LA GRANGE – Rectangular boards typically reserved for the thump of flying bean bags have been transformed into public art lining the sidewalks of downtown La Grange this summer.
Boards used in the game cornhole, also called bags, are the platform for this year’s “Fun & Games in La Grange” summer art exhibit sponsored by the La Grange Business Association (LGBA). The exhibition, in its eighth year, pairs local businesses with local artists, who create a painting based on a subject related to the business. The exhibition aims to highlight local businesses and attract visitors to La Grange. Past years have featured elephants, artist’s easels, Adirondack chairs, rain barrels, rocking chairs and contemporary grandfather clocks.
“Artistically, it might be the best year ever,” said Charlene Vickery, chairperson for the project, at a kickoff event May 28 at Bottle & Bottega.
The exhibit features 53 sets of boards painted to themes ranging from “Sips or Suds?” (a wine glass versus a beer mug, found outside Bottle & Bottega) to “Tiki Totem Turtle” (totem poles with animals representing traits like loyalty, found outside First National Bank of La Grange). Douglas Auto Body in Brookfield sealed all boards to make the designs pop visually.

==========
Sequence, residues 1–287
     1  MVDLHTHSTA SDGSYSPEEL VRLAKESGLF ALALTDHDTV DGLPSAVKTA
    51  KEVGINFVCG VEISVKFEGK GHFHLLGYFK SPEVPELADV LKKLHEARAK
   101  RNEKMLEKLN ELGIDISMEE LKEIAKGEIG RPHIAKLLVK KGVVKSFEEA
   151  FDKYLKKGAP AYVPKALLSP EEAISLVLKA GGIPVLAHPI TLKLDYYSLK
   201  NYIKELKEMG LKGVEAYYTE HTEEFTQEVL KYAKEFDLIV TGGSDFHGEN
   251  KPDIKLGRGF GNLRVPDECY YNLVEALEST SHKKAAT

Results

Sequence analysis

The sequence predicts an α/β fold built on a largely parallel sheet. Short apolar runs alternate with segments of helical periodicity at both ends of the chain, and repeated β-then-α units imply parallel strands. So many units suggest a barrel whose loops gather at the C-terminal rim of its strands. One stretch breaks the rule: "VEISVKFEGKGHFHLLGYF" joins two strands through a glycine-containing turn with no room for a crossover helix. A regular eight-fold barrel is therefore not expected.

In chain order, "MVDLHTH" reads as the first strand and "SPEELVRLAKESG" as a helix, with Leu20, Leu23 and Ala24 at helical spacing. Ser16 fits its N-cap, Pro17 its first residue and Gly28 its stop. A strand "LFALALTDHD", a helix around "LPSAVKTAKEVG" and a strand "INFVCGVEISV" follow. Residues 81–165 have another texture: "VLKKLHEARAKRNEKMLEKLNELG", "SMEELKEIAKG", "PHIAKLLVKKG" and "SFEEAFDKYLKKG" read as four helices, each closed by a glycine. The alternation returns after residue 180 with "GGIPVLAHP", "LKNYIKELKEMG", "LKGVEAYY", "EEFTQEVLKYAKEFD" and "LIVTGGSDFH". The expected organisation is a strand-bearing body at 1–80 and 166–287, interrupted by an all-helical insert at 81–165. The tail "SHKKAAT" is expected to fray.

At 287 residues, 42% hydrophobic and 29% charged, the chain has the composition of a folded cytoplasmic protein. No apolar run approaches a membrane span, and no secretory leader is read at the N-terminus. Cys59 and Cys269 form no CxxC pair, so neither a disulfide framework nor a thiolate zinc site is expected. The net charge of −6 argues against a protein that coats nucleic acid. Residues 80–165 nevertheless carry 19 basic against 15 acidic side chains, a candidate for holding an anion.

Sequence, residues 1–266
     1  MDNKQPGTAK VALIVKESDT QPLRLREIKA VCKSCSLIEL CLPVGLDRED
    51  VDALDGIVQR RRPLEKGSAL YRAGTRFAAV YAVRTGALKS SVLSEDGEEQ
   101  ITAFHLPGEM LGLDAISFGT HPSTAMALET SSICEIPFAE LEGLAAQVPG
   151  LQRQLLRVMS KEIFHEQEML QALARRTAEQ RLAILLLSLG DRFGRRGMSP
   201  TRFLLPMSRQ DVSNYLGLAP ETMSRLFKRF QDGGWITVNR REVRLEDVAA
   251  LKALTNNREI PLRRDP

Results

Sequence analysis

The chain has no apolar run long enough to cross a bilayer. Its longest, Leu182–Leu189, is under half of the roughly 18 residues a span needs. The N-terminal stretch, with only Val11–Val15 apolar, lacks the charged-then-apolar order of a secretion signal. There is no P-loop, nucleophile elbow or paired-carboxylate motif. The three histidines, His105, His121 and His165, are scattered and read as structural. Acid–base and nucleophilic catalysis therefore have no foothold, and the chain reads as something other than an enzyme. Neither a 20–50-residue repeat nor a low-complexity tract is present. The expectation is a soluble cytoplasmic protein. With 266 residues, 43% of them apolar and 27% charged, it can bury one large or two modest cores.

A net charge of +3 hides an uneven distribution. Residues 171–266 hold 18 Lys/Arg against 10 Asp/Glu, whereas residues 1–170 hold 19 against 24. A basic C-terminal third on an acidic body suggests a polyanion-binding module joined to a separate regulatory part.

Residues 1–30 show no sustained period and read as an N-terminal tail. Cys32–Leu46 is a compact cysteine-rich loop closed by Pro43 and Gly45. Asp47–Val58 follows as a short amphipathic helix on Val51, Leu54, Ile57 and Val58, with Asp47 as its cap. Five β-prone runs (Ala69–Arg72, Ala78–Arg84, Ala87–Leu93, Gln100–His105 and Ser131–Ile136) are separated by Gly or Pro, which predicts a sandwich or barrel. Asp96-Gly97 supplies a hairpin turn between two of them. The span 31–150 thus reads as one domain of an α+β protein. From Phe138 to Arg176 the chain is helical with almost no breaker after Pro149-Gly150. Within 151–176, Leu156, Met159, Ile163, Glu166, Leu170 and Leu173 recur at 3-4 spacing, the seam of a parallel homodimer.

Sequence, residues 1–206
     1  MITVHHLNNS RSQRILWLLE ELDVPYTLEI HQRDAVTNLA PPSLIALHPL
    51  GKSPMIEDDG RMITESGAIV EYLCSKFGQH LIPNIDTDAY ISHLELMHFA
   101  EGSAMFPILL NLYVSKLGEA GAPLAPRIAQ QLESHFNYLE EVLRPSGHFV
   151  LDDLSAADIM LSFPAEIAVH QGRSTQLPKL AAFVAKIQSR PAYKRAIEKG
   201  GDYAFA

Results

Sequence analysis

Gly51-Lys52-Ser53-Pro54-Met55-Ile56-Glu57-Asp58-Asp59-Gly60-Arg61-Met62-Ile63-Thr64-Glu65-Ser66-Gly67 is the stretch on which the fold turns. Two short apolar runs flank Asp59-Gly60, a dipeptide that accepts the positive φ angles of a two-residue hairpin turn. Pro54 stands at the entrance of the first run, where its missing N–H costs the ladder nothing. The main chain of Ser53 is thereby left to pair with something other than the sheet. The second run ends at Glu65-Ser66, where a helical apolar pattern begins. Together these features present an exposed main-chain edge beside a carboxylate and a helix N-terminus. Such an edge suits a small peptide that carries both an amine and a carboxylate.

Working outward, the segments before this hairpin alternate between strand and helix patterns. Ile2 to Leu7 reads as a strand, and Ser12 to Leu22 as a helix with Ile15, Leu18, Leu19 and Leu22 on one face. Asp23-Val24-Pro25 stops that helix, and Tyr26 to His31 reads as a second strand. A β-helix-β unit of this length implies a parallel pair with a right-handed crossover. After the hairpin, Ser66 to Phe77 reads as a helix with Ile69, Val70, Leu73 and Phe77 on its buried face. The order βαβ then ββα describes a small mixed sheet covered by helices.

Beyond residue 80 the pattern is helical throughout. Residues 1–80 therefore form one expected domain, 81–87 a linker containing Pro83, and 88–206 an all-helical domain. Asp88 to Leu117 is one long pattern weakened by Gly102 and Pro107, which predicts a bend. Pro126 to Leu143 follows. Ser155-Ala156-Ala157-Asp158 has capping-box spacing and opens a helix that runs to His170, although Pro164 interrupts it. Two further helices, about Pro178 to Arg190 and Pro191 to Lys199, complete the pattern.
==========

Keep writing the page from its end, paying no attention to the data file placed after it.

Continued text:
Most of the boards are fastened to light poles throughout the Central Business District, though eight are located in the West End. Exhibit maps are available at various businesses or at www.lgba.com and include an entry form for a scavenger hunt that challenges participants to find items hidden in 12 of the paintings. Those who submit a form with all correct answers to a drop box at Village Hall will be entered for a $100 gift certificate to downtown businesses.
This year’s theme was popular among the artists.
"It was like having the greatest, huge canvas,” said Hillary Andrlik, an art teacher in Hinsdale who painted “Lorax – Green Before Green Was Cool” for EcoManiacs.
The boards won’t be played on during the exhibit but will be auctioned for charity Sept. 6 on the lawn outside Village Hall.
"I like it when it's something useful,” said Heather Rae Leininger, who painted the totem pole boards, about this year’s theme. “I think people will be more likely to buy it at an auction."
The exhibition attracts new artists every year, LGBA Executive Director Nancy Cummings said. This year, about half of the artist’s were participating for the first time, thanks in part to new businesses.
“They’re bringing in their own artists and their own perspective on La Grange,” Cummings said.